New Zealand’s Native Mantises Are a Little Too Attracted to Invasive Females | Smart News | Smithsonian
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New Zealand’s Native Mantises Are a Little Too Attracted to Invasive Females

Nearly 70 percent of love-blinded males that were lured towards the invasive females were then eaten by the object of their desire

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Bodies of would-be native mates may have nourished this invasive female M. caffra, here pictured laying eggs. Photo: Richard001

Invasive species aren’t usually friendly: they outcompete native animals for food, or introduce new diseases into the areas they colonize. It would be challenging, however, to think of a more horrific impact than that of the invasive praying mantis species Miomantis caffra on the local mantises in New Zealand. The invasive mantis, M. caffra, is wiping out the locals via sexual cannibalism.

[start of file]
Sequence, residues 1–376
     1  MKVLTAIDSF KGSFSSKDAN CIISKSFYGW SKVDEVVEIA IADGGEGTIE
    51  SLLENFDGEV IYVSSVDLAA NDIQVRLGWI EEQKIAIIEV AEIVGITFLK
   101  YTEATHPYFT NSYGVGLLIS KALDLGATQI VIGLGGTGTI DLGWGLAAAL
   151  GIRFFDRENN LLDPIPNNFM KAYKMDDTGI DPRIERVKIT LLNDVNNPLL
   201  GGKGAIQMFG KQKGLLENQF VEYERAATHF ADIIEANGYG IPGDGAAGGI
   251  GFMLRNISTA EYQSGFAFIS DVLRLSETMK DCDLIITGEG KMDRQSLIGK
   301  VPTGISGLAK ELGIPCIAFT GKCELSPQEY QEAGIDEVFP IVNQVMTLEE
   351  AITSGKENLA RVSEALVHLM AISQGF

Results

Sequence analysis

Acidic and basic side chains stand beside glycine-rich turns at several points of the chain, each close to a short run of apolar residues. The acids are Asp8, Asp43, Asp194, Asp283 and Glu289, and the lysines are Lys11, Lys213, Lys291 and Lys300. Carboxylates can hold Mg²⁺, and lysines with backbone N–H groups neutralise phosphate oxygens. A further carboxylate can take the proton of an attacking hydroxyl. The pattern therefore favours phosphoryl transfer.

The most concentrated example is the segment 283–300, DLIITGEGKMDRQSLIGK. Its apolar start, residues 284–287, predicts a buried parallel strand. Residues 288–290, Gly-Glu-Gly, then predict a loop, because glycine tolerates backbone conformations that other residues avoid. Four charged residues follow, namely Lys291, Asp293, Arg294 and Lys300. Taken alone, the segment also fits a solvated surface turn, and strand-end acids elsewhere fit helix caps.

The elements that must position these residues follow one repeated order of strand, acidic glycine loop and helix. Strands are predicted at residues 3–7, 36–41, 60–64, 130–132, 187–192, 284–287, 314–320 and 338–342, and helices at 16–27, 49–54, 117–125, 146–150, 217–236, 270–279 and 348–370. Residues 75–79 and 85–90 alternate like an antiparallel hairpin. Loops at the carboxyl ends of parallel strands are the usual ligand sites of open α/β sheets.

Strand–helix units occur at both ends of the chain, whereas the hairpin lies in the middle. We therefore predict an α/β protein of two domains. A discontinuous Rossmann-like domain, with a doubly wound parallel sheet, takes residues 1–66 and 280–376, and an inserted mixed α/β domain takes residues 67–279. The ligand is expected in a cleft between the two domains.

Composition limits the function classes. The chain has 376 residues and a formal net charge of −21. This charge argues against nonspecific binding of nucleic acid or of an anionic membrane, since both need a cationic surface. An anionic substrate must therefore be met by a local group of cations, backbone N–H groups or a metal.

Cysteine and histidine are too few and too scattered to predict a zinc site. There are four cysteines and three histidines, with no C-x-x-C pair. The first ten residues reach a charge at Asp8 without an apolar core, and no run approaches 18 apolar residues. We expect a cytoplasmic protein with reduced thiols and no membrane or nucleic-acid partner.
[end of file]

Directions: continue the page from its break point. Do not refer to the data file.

M. caffra arrived in New Zealand from its native South Africa in 1978. About a decade later, however, things began to really get kinky, in a bad way. Researchers noticed that M. caffra was dominating New Zealand’s sole local species, the appropriately named Orthodera novaezealandiae. Wherever M. caffra turned up, the New Zealand mantis soon disappeared.

Perhaps the most insidious influence that the invasive M. caffra might have on native O. novaezealandiae populations is through the predation of males mistakenly attracted to the aggressive female M. caffra,” researchers write in the journal Biology Letters

To figure out whether this was indeed the case, the researchers reared insects of both species in the lab. They exposed males and females of both species to one another, and observed what happened. As it turned out, native males were more attracted to the chemical cues given off by the invasive females than to those of their own species’ females. Nearly 70 percent of love-blinded males that were lured towards the invasive females were then eaten by the object of their desire.

This is not to say that New Zealand females are all that nicer, however. Almost 40 percent of the males who pursued females of their own species were eaten, though at least those sorry wooers may have successfully passed on their genes before becoming dinner.

More from Smithsonian.com:

Biology’s Ten Worst Love Stories  
Mapping Routes of Invasive Stowaways 

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